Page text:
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Epilepsia. 2015 May;56(5):685-91. doi: 10.1111/epi.12984. Epub 2015 Apr 16.

Early and effective treatment of KCNQ2 encephalopathy.

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Neurology Unit and Laboratories, A. Meyer Children's Hospital, Florence, Italy.
Department of Neurology, University of California, San Francisco, San Francisco, California, U.S.A.
Departments of Medicine and Paediatrics, Florey Institute, Austin Health and Royal Children's Hospital, University of Melbourne, Melbourne, Victoria, Australia.
Neurogenetics Group, Department of Molecular Genetics, VIB, Antwerp, Belgium.
Laboratory of Neurogenetics, Institute Born-Bunge, University of Antwerp, Antwerp, Belgium.
Central Hospital of Bolzano, Bolzano, Italy.
Child Neurology and Psychiatry Unit, S. Croce and S. Carlo Hospital, Cuneo, Italy.
Pediatric Epilepsy Program, Massachusetts General Hospital, Harvard Medical School, Boston, Massachusetts, U.S.A.
University of Florence, Florence, Italy.
Department of Pediatrics, University of California San Francisco, San Francisco, California, U.S.A.



To describe the antiepileptic drug (AED) treatment of patients with early infantile epileptic encephalopathy due to KCNQ2 mutations during the neonatal phase and the first year of life.


We identified 15 patients and reviewed the electroclinical, neuroimaging, and AED treatment data.


Seizure onset was between 1 and 4 days of age with daily tonic asymmetric, focal and clonic seizures in nine patients and status epilepticus in the remaining six. Electroencephalography (EEG) showed multifocal epileptiform abnormalities in nine patients and a burst-suppression pattern in six. All patients were trialed with adequate daily doses of several AEDs before they reached seizure freedom. Six patients (40%) achieved seizure control within 2 weeks of carbamazepine (CBZ) administration and five (33%) were seizure-free with phenytoin (PHT). The last four patients (27%) were successfully treated with topiramate (TPM) (two patients), levetiracetam (LEV) (one), and a combination of LEV with TPM (one). Most patients reached seizure freedom within the first year of life and remained seizure-free thereafter. Twelve patients had moderate-to-severe developmental delay at follow-up. However, the two patients whose seizures ceased within a few days of onset showed only mild cognitive impairment.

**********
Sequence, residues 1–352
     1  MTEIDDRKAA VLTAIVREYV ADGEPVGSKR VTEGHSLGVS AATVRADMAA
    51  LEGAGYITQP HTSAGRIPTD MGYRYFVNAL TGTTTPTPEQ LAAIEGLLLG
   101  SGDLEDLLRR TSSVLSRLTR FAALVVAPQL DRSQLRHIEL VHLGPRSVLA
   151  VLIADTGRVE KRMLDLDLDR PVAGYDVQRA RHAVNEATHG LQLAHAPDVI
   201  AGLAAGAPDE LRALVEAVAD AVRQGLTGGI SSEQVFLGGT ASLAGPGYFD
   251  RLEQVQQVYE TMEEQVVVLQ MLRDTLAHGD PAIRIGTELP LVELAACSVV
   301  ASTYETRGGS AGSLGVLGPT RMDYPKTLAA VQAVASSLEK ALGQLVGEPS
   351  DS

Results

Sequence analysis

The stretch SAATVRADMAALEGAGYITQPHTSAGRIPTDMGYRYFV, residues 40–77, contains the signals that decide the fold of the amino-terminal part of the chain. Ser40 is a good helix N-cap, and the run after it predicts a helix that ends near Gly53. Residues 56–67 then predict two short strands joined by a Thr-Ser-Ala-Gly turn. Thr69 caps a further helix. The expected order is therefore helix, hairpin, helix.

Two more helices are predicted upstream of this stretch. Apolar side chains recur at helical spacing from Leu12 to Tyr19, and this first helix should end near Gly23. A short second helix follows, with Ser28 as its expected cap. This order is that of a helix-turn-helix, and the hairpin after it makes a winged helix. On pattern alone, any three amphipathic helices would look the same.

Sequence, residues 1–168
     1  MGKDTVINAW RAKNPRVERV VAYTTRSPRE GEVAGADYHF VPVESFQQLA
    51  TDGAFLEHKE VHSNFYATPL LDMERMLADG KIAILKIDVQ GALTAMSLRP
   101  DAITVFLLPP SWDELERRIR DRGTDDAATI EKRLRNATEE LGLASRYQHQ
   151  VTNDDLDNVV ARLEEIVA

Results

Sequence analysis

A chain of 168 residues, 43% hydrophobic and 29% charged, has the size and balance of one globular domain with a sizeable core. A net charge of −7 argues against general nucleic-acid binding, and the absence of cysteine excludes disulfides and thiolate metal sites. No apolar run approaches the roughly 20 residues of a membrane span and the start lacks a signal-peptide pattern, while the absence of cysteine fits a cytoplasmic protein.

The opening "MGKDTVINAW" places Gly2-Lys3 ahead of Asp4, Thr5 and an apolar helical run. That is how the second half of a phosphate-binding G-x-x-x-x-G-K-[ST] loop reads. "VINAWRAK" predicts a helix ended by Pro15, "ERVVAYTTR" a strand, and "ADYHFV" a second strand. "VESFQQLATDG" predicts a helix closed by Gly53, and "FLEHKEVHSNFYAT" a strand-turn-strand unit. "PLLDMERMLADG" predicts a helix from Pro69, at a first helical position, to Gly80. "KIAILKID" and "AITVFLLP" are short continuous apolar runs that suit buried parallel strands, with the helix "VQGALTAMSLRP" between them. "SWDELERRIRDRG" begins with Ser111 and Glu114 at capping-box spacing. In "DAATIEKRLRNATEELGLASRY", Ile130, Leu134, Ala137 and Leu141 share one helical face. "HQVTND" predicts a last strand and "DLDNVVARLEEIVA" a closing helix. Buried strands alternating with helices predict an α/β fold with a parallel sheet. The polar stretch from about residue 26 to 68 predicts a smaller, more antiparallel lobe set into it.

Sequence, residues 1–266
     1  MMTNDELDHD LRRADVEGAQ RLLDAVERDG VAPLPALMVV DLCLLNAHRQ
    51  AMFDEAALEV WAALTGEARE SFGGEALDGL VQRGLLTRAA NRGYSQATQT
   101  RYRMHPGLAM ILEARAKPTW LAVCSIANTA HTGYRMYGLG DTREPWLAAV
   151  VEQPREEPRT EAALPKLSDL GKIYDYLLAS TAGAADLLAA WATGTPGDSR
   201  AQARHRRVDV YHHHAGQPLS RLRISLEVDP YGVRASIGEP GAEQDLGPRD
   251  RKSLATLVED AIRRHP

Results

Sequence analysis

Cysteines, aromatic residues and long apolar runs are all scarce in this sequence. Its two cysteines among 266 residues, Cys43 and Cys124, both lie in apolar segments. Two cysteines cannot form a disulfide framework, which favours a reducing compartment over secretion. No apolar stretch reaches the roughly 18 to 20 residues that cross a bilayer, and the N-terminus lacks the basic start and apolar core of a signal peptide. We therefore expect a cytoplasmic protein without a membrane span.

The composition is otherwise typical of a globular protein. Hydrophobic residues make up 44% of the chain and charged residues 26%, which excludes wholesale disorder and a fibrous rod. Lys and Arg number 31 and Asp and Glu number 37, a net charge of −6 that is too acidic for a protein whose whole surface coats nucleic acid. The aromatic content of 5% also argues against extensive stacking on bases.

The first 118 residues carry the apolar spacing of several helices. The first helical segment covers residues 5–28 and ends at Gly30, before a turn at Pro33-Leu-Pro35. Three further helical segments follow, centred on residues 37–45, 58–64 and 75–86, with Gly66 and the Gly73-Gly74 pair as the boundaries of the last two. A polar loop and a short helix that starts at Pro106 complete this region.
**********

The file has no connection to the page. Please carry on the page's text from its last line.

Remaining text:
Our findings suggest that drugs acting on sodium channels including CBZ and PHT should be considered as first-line treatment in patients with KCNQ2 encephalopathy. Voltage-gated sodium and potassium channels co-localize at the neuronal membrane. Therefore, the efficacy of drugs acting as sodium-channel blockers could be linked to their modulating effect on both channels. The type of KCNQ2 mutation might influence AED response as well as developmental outcome. Early recognition of KCNQ2 encephalopathy followed by the most appropriate and effective treatment may be important for reducing the neurodevelopmental impairment associated with this disorder.


Antiepileptic drug treatment; Epilepsy; KCNQ2 encephalopathy

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